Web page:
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allegory
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Bleak House
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allegory
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Bleak House
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  • "Good night!" says Mr. Tulkinghorn, and goes home to Allegory and meditation.
  • Here, beneath the painted ceiling, with foreshortened Allegory staring down at his intrusion as if it meant to swoop upon him, and he cutting it dead, Mr. Tulkinghorn has at once his house and office.
  • From the ceiling, foreshortened Allegory, in the person of one impossible Roman upside down, points with the arm of Samson (out of joint, and an odd one) obtrusively toward the window.
  • But its roomy staircases, passages, and antechambers still remain; and even its painted ceilings, where Allegory, in Roman helmet and celestial linen, sprawls among balustrades and pillars, flowers, clouds, and big-legged boys, and makes the head ache—as would seem to be Allegory’s object always, more or less.
  • But its roomy staircases, passages, and antechambers still remain; and even its painted ceilings, where Allegory, in Roman helmet and celestial linen, sprawls among balustrades and pillars, flowers, clouds, and big-legged boys, and makes the head ache—as would seem to be Allegory’s object always, more or less.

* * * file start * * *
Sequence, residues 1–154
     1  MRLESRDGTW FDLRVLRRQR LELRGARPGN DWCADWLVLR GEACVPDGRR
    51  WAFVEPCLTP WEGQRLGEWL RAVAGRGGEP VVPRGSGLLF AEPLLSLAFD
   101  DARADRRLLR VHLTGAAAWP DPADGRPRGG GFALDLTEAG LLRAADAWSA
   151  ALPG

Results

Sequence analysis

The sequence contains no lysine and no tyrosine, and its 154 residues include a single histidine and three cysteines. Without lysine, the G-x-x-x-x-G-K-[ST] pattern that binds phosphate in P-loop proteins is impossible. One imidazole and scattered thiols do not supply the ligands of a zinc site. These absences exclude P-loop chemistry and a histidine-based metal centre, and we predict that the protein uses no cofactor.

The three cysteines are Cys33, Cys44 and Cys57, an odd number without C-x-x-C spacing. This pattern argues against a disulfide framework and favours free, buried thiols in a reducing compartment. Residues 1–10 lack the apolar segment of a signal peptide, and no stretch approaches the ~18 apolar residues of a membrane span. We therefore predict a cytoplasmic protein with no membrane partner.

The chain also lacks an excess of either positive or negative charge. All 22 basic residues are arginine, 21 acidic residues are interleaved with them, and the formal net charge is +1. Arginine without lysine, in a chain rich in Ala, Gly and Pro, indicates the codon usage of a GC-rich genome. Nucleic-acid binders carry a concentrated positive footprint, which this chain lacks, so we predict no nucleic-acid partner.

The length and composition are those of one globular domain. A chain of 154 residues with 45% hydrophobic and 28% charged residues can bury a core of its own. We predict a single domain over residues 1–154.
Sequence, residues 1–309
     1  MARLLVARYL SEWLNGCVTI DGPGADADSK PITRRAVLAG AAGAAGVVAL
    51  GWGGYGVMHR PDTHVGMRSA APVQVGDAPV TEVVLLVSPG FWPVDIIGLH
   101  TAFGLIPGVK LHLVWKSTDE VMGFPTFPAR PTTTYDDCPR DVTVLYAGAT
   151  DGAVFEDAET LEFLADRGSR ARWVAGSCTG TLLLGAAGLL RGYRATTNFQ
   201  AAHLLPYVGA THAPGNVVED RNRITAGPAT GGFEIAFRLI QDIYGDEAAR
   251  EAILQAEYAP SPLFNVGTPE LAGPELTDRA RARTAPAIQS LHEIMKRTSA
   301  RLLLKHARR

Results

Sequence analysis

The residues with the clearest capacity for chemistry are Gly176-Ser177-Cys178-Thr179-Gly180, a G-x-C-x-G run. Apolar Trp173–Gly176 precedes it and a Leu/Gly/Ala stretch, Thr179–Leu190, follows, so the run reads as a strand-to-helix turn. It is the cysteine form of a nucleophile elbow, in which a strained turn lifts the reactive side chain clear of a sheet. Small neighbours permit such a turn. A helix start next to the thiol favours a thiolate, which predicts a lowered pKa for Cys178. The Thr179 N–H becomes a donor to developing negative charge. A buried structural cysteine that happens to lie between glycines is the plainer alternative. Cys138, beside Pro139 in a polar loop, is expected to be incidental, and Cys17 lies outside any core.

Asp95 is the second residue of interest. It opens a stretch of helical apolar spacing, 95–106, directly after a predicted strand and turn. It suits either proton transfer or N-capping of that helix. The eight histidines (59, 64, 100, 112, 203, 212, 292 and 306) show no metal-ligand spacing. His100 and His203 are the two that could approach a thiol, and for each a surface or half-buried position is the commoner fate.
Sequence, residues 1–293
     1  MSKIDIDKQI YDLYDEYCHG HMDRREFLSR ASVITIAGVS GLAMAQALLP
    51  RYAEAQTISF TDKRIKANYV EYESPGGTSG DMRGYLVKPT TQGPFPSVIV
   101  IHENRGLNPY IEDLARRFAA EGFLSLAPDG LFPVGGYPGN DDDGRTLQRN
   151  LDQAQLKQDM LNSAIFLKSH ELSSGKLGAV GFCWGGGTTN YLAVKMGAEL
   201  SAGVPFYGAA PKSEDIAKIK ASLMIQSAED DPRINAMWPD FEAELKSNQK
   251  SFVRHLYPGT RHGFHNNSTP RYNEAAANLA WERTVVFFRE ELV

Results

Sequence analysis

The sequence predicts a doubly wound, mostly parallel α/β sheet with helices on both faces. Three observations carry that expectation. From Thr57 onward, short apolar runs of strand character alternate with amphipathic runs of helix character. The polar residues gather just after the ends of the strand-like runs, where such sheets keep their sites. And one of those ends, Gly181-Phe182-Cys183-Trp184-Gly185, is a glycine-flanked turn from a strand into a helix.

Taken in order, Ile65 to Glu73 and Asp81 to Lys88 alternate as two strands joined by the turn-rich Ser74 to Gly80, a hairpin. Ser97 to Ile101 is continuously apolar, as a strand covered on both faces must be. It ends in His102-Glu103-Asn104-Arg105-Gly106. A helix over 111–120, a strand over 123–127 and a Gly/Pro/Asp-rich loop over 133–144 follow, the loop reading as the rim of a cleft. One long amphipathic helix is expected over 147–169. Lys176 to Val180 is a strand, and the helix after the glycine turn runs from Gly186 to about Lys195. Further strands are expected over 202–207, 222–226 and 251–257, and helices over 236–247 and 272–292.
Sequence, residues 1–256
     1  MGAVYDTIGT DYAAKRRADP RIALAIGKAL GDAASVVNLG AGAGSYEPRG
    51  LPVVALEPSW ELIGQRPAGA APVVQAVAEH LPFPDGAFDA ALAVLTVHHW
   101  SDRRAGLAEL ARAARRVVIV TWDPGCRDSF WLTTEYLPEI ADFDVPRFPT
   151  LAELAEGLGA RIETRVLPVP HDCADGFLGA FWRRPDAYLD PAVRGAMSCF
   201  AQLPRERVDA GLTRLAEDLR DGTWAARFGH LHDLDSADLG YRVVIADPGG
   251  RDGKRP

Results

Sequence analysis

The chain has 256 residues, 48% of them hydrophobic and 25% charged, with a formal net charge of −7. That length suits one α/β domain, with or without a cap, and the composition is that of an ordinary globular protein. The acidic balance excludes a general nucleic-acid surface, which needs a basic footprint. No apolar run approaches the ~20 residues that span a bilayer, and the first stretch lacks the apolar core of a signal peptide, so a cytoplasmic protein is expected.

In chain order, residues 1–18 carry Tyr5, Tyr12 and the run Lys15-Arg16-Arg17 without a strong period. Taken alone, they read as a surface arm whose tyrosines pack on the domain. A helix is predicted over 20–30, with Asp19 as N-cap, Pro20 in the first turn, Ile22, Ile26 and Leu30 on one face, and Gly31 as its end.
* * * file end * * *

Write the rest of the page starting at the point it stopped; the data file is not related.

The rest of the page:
• They enable Allegory, though it has cheeks like peaches, and knees like bunches of blossoms, and rosy swellings for calves to its legs and muscles to its arms, to look tolerably cool to-night.
  • CHAPTER XXII Mr. Bucket Allegory looks pretty cool in Lincoln’s Inn Fields, though the evening is hot, for both Mr. Tulkinghorn’s windows are wide open, and the room is lofty, gusty, and gloomy.
  • When a breeze from the country that has lost its way takes fright and makes a blind hurry to rush out again, it flings as much dust in the eyes of Allegory as the law—or Mr. Tulkinghorn, one of its trustiest representatives—may scatter, on occasion, in the eyes of the laity.
  • It is too dark to see much of the Allegory overhead there, but that importunate Roman, who is for ever toppling out of the clouds and pointing, is at his old work pretty distinctly.
  • An excited imagination might suppose that there was something in them so terrific as to drive the rest of the composition, not only the attendant big-legged boys, but the clouds and flowers and pillars too—in short, the very body and soul of Allegory, and all the brains it has—stark mad.

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  • In Plato’s allegory, the prisoners in the cave represent people living in ignorance.
  • "Allegory’s beyond me," said Jim.
    Ray Bradbury  --  Something Wicked This Way Comes

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